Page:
The Washington Times Discovers The "Global Oil Bucket"
A Washington Times editorial  criticizes the Obama administration's June decision  to sell 30 million barrels of oil from the Strategic Petroleum Reserve, stating that the move "produced nothing more than a brief pause in the steady rise in prices at the pump." According to the Washington Times, 30 million barrels is "little more than a drop in the global oil bucket":
The International Energy Agency did its best to help Mr. Obama, releasing 30 million barrels of its own. Though that may sound like a lot, it's little more than a drop in the global oil bucket. Such moves have no lasting impact because oil traders are looking at the big picture. There isn't enough supply to meet the world's demand. Even if consumption has softened in the United States and Europe due to the persistent economic slowdown, the thirst for crude in places like China and India is growing.
So we all agree that the price of oil, and thus gasoline, is determined by a global market? Apparently, the Washington Times only accepts this fact on a case-by-case basis. Just a couple months ago, the Times editorial board declared  that Obama was responsible for the spike in gasoline prices:
Worst of all is President Obama's chokehold on fossil fuels. By squeezing off oil drilling, he has driven up gasoline to $4 a gallon, cutting into the economic recovery and threatening the nation with a second recession.
In fact, last month the independent research group Headwaters Economics reported  that, far from being "squeez[ed] off," oil and gas drilling activity is nearing a twenty year high. This chart from the Energy Information Administration shows that the number of crude oil rigs in operation is greater than at any point since 1987, when the data begins:
While the Obama administration's temporary moratorium on deepwater drilling decreases oil production in the Gulf to some extent, the effect is not large enough to cause a decline in total U.S. production. After all, offshore oil represents only 32 percent  of the oil extracted in the U.S. and the deepwater drilling moratorium did not apply  to shallow water or wells already producing oil.
EIA's most recent projections  show that "Domestic crude oil production, which increased by 150 thousand bbl/d [barrels per day] in 2010 to 5.5 million bbl/d, increases by a further 50 thousand bbl/d in both 2011 and 2012" [emphasis added.] As the following chart  from EIA shows, oil production also increased in 2009 and 2010 after falling since 2001, indicating that you can't blame a decrease in U.S. oil production, much less Obama's deepwater moratorium, for the $4 gas we saw this year.
EIA's longer-term "business as usual" projection also shows  "increased domestic crude oil production from 2009 to 2035."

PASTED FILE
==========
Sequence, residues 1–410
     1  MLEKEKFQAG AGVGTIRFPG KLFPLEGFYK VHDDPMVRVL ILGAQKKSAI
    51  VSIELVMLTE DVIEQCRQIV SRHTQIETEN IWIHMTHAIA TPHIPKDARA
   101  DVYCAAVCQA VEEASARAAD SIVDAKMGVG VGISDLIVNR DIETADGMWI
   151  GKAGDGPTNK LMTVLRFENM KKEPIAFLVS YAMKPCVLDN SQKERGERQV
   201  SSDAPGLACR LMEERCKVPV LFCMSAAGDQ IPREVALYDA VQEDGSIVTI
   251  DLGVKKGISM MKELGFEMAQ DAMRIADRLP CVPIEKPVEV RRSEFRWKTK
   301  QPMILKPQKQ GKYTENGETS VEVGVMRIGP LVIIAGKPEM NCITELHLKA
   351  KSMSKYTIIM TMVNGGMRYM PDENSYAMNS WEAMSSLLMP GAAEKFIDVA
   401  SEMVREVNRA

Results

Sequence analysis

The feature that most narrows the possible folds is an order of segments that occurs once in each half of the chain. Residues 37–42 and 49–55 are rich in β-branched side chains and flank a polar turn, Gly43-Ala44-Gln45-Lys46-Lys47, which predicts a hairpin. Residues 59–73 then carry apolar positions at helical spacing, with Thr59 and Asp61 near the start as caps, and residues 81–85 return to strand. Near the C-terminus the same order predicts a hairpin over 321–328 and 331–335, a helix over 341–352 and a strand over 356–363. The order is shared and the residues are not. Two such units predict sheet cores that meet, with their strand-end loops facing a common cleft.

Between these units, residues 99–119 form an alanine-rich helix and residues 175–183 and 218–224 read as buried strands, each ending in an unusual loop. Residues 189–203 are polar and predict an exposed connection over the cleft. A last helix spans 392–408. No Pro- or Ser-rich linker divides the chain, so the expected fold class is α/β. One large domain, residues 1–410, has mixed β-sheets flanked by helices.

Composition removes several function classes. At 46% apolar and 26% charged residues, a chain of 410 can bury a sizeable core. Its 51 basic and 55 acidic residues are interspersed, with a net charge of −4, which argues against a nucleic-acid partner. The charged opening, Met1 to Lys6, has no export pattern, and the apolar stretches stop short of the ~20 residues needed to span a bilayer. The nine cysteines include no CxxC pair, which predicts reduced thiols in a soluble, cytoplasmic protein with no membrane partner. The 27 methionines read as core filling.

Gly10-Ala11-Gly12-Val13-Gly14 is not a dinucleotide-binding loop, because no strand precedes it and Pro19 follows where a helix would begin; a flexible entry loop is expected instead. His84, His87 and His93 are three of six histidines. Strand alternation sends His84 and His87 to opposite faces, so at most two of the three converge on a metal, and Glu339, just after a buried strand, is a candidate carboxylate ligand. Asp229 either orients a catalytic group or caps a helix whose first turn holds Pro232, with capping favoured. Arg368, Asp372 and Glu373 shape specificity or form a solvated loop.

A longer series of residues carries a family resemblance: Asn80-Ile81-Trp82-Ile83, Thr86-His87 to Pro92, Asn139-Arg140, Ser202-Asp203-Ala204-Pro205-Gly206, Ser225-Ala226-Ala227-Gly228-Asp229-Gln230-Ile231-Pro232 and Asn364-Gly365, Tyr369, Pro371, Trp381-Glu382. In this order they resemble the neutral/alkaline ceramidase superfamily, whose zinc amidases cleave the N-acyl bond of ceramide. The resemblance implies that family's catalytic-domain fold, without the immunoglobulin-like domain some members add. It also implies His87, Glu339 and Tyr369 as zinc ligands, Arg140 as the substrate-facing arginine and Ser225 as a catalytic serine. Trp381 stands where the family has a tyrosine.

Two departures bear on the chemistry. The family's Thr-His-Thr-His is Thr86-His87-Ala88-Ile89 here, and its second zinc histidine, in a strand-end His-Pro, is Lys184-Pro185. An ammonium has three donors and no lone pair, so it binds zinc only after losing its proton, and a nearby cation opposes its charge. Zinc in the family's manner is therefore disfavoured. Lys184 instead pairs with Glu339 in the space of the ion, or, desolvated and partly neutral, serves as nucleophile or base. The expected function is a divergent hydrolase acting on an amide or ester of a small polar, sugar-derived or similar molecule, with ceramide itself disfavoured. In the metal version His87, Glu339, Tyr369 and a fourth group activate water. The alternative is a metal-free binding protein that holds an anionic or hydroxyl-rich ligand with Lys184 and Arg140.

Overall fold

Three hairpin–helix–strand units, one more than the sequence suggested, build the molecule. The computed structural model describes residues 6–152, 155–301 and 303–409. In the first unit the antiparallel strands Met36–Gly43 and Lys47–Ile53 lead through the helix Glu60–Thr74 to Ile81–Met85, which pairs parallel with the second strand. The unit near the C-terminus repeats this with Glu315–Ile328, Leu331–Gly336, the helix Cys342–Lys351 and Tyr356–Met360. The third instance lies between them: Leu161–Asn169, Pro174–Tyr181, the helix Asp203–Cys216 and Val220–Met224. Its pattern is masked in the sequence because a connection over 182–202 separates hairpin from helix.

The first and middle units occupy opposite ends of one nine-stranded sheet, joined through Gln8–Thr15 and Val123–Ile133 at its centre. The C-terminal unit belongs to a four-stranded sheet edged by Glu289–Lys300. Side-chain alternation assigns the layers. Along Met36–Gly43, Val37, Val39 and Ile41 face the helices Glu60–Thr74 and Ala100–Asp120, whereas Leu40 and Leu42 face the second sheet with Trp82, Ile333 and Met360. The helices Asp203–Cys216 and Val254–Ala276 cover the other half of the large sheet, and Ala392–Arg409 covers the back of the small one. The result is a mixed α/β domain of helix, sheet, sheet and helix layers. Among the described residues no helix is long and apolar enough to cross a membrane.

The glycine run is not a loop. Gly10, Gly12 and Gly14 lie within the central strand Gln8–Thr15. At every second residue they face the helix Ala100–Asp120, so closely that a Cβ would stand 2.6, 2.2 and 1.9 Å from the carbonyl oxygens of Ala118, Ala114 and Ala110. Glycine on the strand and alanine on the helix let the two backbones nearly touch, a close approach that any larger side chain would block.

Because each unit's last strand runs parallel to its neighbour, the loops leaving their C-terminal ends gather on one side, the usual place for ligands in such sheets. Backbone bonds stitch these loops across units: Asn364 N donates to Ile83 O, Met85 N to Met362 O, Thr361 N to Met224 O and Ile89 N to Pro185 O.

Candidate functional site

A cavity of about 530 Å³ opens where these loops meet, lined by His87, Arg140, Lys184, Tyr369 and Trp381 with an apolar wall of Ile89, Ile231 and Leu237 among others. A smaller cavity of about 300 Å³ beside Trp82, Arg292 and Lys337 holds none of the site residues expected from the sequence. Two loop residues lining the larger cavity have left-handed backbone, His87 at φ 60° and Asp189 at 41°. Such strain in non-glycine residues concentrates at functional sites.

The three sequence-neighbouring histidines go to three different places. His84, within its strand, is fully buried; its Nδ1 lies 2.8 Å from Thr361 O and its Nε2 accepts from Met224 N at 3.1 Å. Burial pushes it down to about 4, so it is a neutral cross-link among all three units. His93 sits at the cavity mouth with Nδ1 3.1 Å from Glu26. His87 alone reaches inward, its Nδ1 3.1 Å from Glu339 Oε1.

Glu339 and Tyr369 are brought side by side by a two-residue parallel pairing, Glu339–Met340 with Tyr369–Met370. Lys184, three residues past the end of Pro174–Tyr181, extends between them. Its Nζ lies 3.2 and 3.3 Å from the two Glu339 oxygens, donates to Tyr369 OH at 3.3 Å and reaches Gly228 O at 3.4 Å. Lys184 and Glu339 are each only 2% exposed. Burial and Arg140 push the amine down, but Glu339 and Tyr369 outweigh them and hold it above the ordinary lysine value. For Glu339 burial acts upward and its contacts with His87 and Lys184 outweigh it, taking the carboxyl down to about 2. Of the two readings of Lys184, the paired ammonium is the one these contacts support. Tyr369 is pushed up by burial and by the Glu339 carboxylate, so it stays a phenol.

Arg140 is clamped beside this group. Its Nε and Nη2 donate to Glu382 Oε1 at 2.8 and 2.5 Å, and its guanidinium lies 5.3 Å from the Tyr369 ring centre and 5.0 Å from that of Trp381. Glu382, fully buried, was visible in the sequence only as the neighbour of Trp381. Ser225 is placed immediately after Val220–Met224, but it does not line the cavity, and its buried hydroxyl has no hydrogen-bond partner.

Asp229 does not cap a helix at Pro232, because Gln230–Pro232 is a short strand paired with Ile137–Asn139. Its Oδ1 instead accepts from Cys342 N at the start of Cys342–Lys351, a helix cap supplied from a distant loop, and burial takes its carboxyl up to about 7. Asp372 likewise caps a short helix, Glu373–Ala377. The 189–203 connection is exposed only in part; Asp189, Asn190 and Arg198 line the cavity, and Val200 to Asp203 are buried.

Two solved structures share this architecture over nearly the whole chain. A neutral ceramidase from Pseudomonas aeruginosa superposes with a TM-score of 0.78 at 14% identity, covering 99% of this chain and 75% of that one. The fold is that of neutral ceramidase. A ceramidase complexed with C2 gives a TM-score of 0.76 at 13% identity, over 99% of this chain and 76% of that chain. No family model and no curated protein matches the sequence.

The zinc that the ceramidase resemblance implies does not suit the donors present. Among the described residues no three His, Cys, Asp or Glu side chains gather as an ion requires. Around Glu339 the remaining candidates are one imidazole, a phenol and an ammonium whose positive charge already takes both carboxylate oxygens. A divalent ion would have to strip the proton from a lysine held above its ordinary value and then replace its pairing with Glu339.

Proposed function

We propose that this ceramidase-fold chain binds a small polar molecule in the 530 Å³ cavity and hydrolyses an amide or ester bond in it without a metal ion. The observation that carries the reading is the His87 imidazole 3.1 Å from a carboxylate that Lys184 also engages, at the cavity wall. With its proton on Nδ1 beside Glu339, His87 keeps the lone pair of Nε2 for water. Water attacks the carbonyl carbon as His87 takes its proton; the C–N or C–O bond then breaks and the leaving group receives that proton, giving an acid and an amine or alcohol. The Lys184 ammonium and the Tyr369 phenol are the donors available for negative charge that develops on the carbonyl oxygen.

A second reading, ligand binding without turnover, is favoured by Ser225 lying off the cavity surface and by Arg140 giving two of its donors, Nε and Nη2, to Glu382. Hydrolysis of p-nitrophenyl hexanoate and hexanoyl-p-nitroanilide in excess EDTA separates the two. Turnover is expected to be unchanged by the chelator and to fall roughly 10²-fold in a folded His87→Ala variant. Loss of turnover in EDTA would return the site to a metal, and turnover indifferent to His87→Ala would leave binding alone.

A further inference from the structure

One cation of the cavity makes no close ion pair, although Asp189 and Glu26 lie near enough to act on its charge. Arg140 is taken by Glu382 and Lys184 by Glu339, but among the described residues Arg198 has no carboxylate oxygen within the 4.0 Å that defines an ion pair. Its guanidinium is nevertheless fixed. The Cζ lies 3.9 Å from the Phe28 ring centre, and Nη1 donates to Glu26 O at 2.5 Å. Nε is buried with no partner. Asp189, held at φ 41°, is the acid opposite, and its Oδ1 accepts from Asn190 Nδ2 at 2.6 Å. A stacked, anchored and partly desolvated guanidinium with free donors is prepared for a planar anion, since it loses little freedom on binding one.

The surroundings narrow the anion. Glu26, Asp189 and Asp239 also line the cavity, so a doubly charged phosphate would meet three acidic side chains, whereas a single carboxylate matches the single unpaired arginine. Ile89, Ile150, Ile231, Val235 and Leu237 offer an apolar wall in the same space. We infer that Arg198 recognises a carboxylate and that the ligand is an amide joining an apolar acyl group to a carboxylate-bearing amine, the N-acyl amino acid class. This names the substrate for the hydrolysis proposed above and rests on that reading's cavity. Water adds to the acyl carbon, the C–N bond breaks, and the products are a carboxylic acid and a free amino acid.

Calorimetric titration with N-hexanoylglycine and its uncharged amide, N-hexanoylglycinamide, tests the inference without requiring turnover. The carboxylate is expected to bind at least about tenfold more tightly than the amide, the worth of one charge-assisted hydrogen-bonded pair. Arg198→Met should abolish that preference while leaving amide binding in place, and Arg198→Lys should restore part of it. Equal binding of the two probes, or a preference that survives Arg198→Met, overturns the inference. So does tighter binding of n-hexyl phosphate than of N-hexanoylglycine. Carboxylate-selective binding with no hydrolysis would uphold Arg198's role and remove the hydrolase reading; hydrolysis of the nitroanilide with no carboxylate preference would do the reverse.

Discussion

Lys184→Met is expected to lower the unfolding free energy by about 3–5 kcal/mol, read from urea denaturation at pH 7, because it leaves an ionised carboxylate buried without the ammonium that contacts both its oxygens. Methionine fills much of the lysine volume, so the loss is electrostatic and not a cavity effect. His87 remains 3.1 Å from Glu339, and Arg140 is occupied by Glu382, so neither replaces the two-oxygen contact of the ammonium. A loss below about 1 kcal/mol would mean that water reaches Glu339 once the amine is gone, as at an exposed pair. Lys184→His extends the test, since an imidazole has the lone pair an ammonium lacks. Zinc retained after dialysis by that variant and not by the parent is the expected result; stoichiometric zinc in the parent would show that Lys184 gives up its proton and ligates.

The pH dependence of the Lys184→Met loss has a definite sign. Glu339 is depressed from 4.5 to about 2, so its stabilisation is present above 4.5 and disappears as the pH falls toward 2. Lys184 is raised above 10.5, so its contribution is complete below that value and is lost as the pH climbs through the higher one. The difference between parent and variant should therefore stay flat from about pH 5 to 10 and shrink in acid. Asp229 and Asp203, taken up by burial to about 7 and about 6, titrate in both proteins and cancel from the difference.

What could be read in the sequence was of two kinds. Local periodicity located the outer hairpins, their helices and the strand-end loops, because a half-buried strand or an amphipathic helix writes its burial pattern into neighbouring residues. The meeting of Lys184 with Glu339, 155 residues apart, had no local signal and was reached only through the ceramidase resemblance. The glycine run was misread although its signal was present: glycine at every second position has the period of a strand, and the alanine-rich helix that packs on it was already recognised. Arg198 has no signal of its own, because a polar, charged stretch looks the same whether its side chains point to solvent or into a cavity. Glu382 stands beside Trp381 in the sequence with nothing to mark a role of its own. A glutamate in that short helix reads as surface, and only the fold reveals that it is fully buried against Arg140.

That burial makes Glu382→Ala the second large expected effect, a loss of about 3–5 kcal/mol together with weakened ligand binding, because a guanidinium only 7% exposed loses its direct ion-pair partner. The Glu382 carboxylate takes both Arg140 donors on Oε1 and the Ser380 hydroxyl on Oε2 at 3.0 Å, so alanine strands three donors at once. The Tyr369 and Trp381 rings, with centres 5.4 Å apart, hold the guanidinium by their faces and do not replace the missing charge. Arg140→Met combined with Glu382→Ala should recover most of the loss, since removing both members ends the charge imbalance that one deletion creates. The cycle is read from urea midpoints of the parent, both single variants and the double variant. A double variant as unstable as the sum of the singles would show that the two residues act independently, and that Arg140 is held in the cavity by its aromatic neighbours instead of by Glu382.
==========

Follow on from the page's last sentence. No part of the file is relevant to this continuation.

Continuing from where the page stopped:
But the specific numbers for U.S. oil production aren't as important in this debate as the basics of the oil market. I could not find a single energy economist who would entertain the notion  that U.S. drilling policies are to blame for the spike in gas prices "because of the relative scales involved," in the words of Michael Canes, former chief economist of the American Petroleum Institute.
As EIA explains , "Changes in domestic oil production tend to have only a modest impact on crude oil and petroleum product prices, because any change in domestic oil production is diluted in the world oil market. In 2009, the United States produced 5.36 million barrels per day of crude oil and lease condensate, or 7 percent of the world total of 72.26 million barrels per day."
This point is not controversial among economists. Doug Holtz-Eakin, who served on George W. Bush's Council of Economic Advisors, said recently  that "you can't change the oil price very much with the U.S. exploration." Tellingly, lowering prices is not  one of the reasons given by the American Petroleum Institute for expanding drilling in the U.S.
Nevertheless, after seemingly acknowledging that oil prices are set by a global market and not by the United States, the Washington Times editorial concludes:
The real solution is to increase production to boost supply. America has an abundance of black gold in places the administration has put off-limits. The very real prospect of $5 gas by Election Day ought to inspire Mr. Obama to reconsider the error of his ways.
EIA administrator Richard Newell explained  in testimony earlier this year that "the vast majority of estimated technically recoverable OCS [Outer Continental Shelf] resources" are located in areas that are already available for leasing. Newell also stated that expanding drilling on federal areas would not have "a large impact on prices":
In the short-term, oil markets react to many competing factors in a global context, and it is extremely difficult to disentangle the near-term impact of mid-to-long-term developments in the context of oil markets that see typical daily price movements in the range of 1-2 percent, and much higher fluctuations at times. Long term, we do not project additional volumes of oil that could flow from greater access to oil resources on Federal lands to have a large impact on prices given the globally integrated nature of the world oil market and the more significant long-term compared to short-term responsiveness of oil demand and supply to price movements. Given the increasing importance of OPEC supply in the global oil supply-demand balance, another key issue is how OPEC production would respond to any increase in non-OPEC supply, potentially offsetting any direct price effect.
In other words, increasing U.S. oil production is not a "real solution" to gas price spikes -- contrary the Washington Times' claim. As long as the United States remains heavily dependent on oil, there is simply no way of protecting our economy from volatile oil and gasoline prices, no matter how comprehensively we drill for oil to throw into the global bucket.